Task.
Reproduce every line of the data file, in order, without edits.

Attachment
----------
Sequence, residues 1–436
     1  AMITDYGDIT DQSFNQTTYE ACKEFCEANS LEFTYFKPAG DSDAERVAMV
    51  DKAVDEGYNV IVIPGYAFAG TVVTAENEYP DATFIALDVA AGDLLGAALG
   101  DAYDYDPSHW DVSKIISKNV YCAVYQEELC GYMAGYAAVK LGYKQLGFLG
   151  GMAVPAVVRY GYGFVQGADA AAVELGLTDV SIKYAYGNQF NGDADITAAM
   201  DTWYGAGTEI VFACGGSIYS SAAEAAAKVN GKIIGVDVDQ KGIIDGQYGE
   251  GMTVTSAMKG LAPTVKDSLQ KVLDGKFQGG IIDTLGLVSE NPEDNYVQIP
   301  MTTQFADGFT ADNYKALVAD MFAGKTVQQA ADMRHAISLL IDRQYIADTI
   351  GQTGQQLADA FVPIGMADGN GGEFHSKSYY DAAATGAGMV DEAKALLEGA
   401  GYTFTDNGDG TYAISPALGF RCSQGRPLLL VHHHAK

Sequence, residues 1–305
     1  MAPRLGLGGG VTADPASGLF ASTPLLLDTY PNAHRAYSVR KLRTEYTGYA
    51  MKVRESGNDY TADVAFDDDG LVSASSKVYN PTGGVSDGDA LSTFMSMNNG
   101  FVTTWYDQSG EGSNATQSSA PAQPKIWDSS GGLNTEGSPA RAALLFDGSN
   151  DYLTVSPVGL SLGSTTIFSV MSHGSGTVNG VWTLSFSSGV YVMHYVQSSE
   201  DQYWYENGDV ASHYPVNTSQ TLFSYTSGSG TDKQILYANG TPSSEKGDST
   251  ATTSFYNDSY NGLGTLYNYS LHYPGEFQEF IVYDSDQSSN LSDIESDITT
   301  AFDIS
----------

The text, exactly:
Sequence, residues 1–436
     1  AMITDYGDIT DQSFNQTTYE ACKEFCEANS LEFTYFKPAG DSDAERVAMV
    51  DKAVDEGYNV IVIPGYAFAG TVVTAENEYP DATFIALDVA AGDLLGAALG
   101  DAYDYDPSHW DVSKIISKNV YCAVYQEELC GYMAGYAAVK LGYKQLGFLG
   151  GMAVPAVVRY GYGFVQGADA AAVELGLTDV SIKYAYGNQF NGDADITAAM
   201  DTWYGAGTEI VFACGGSIYS SAAEAAAKVN GKIIGVDVDQ KGIIDGQYGE
   251  GMTVTSAMKG LAPTVKDSLQ KVLDGKFQGG IIDTLGLVSE NPEDNYVQIP
   301  MTTQFADGFT ADNYKALVAD MFAGKTVQQA ADMRHAISLL IDRQYIADTI
   351  GQTGQQLADA FVPIGMADGN GGEFHSKSYY DAAATGAGMV DEAKALLEGA
   401  GYTFTDNGDG TYAISPALGF RCSQGRPLLL VHHHAK

Sequence, residues 1–305
     1  MAPRLGLGGG VTADPASGLF ASTPLLLDTY PNAHRAYSVR KLRTEYTGYA
    51  MKVRESGNDY TADVAFDDDG LVSASSKVYN PTGGVSDGDA LSTFMSMNNG
   101  FVTTWYDQSG EGSNATQSSA PAQPKIWDSS GGLNTEGSPA RAALLFDGSN
   151  DYLTVSPVGL SLGSTTIFSV MSHGSGTVNG VWTLSFSSGV YVMHYVQSSE
   201  DQYWYENGDV ASHYPVNTSQ TLFSYTSGSG TDKQILYANG TPSSEKGDST
   251  ATTSFYNDSY NGLGTLYNYS LHYPGEFQEF IVYDSDQSSN LSDIESDITT
   301  AFDIS